considered magazines (defined for the
corresponding cell in the analysis matrix) in
which the concept appears.
Looking at the term context stars presented in
Figure 1: Assume that in the considered magazines
the Trend Analyser has analysed the context of the
concepts “blue”, “pink”, “green” , “floor”, “brick”,
“glass”, and “pine” (as given by the user). In the
considered magazines, the concept “blue” frequently
appears in the contexts “pigeon blue”, a bit less
frequent as “baby blue” and “light blue” and still
some times as “Blue One” (a trade name) or “blue
world”. Looking at all concepts, “brick” did occur
most frequently, followed by “floor” and “blue”,
while there are still some occurrences of “pine”,
”green”, “floor “, “glass” and ”pink”.
Given a visualisation of term context stars in the
Trend Analyser, the expert user can click on
concepts or attributes to show all the articles in the
considered magazines that contain the respective
concept and attributes (highlighted in the articles).
The overall result of the analysis is shown in the
analysis matrix. Figure 1 gives an example of a
possible analysis result. It shows, for instance, that
“terracotta bricks” started up in 2003 in the
“Abitare” magazine (which in fact is a product
catalogue), became more and more popular until
2005 – and disappeared the year after.
2.2 Mining Association Rules
The second component, i.e. the association mining
tool of the Trend Analyser, presents the selected
attributes in form of a table similar to tables in
relational data bases. Attributes such as order
number, product category as well as further
properties of a product are presented in rows. The
values of each attribute are listed in the columns.
To derive a set of correlations that may give
answers to questions like: “Which type of customer
Figure 2: Compressed view on relevant attributes for analysis of sample retail sales ordering data.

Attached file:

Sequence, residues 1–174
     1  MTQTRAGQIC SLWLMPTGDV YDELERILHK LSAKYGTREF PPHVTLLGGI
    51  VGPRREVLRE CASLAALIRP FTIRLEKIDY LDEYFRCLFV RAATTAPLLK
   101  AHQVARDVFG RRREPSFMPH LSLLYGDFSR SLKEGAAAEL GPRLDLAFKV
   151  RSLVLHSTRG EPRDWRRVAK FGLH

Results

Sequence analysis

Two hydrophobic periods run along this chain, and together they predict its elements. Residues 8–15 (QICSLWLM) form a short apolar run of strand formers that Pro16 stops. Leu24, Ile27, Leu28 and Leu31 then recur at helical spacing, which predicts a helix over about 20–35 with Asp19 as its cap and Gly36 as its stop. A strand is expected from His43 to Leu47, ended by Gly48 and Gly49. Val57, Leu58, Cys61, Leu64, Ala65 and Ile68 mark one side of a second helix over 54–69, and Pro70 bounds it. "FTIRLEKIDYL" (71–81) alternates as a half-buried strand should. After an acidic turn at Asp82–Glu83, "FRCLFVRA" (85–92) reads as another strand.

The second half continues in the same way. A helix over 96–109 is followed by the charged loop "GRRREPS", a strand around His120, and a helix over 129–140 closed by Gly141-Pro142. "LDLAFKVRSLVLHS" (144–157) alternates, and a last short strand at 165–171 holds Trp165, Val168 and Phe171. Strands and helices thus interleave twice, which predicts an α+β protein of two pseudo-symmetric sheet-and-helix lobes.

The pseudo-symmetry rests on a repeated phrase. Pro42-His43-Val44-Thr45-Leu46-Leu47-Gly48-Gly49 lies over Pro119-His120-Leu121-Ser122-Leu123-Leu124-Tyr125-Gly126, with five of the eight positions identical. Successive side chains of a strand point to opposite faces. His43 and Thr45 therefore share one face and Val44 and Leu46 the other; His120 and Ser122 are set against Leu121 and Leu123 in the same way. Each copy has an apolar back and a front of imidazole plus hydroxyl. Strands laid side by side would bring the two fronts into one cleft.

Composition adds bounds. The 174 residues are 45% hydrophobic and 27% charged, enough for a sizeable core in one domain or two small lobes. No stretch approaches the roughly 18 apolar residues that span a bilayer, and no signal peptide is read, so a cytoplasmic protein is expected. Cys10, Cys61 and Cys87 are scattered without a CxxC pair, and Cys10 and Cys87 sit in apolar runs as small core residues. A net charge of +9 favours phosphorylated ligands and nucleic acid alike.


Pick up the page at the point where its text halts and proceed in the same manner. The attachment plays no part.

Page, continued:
European Home Textile Industry
buys what?”, “What kind of products are bought
together” or “What are customers looking at before
they decide to buy a certain product?” the
association mining tool provides flexible interaction:
Different visualised views on the data help to
gain an overview and detect dependencies on
the one hand or go into detail and focus on
certain attribute values on the other hand.
Defining different functions over attributes.
The expert may for example compute the sum
or determine the average of all values of one
specific attribute.
The expert can gain an overview of the attributes
and their value distribution by using the so called
“compressed view” of the tool (cf. Figure 2). This
view causes that adjacent cells with the same value,
namely the attribute values presented in columns,
are combined. The width of each cell indicates the
number of objects with this specific value. Cells
with numeric values, too small to be labelled with
the related value, are represented through a
horizontal line. The level of that line reflects the
height of the value. At a glance one can see that
three shipping companies deliver the products (see
row “shipping company name”). The row “country
shows that each of these companies deliver to
customers in Germany and USA. In that way the
expert may detect interesting attributes/correlations
which are worth looking at in detail.
In the following we give an example on how to
detect an association such as “Which two product
categories are combined most frequently in one
order?” by performing the two working steps of
defining additional functions and focusing on certain
attribute values.
In the first step the user defines a function to
determine the number of product categories in one
order. Since he is interested in the combination of
two product categories, he then focuses (namely
double clicks on the value) on orders where products
of two categories are combined. In that way all
orders are selected where products from two
different categories are combined. Visually the
selected part grows until this cell fits the width of
the screen. At the same time the value distributions
of the other attributes adapt visually to that selection.
To experience which two product categories are
combined, the expert introduces a new function. The
result is presented, when he finally sorts the values
according to this new function (cf. Figure 3).
After detecting such an association the expert
will still have to verify that this association
represents a meaningful causal relationship, since